This project was set up more than 10 years ago to reintegrate students who refused to go to school. Since 2007, the programme has focused solely on students who suffer from school phobia, anxiety disorders or depression. The programme is unique in Austria and is publicly funded.

Target groups

Schlangenfuß is aimed at students between the ages of 11 and 15 who suffer from school phobia, anxiety disorders or depression. Most students join the programme in grade 6 or 7 and come from secondary modern schools or Neue Mittelschule. They have a long history of problems and school absenteeism (some staying at home for up to a year) before they come to Schlangenfuß. Students who take part in the programme would not be capable of receiving a school leaving certificate in a regular school. A clinical diagnosis of school phobia is prerequisite for participation in the programme, and all students are undergoing treatment. Most students come from middle class or lower class backgrounds. 43% are male, 57% are female, and only a few have a migration background. There is no systematic policy process for the monitoring of school phobia, so little is known about the extent of the problem. Vienna General Hospital (AKH) reports an increase in the number of young people who suffer from school phobia.

The teachers are very committed and conscientious when it comes to dealing with hard to reach students. If necessary, they will even pick students up from home just to get them into school. Teachers also accompany those students who are afraid of using public transport.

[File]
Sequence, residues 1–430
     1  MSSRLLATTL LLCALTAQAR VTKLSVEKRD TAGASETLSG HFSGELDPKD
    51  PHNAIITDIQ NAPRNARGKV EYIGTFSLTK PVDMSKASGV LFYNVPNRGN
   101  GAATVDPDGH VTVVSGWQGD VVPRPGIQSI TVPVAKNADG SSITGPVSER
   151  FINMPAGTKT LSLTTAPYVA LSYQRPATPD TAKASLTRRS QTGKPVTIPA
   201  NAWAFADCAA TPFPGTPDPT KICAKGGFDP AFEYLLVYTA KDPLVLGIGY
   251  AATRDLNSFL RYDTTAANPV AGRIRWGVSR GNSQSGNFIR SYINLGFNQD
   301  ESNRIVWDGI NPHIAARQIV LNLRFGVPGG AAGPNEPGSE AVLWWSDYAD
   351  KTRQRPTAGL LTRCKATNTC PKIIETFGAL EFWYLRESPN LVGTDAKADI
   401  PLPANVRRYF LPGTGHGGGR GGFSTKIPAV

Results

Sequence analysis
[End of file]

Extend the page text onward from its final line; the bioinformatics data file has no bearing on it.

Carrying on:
There are also some students who are not in a condition to participate in Schlangenfuß. These students need clinical care and can then participate in the programme.

Key features of the provision and institutional setting

One of the key aims of the project is the social reintegration of students through approaches to teaching which foster their social skills and the development of their self-esteem. Experience based teaching plays a large role in this, because it reduces anxiety disorders. Another key aim is to help students achieve mainstream qualifications. This in turn is ensured by using secondary modern school curriculum. In order to avoid stigmatization, the certificates do not indicate any details on the project. It is therefore not obvious that the students have participated in the Schlangenfuß programme.

Schlangenfuß cooperates closely with all parties (persons/institutions) involved in a case, e.g. parents, medical professionals, psychiatric hospitals, youth and family services (MA 11), psychologists and therapists, job coaches and other experts.

As already mentioned, a secondary modern school curriculum is used within the project. The students study the core subjects (German, Mathematics and English) three times a week. Minor subjects are taught on a project oriented basis and teachers focus more on themes which meet the everyday life and experience world of the students. There is a strong focus on pedagogic methods which meet the students’ needs, e.g. constructivist pedagogy, project-oriented learning, experiential pedagogy, open learning methods and individualisation.

The small group sizes (2 groups with about 6 students and 2 teachers) facilitate individual support and attention to each student. Further the students receive any kind of professional support they need, e.g. therapeutic support, students are picked by teachers at their homes and so on.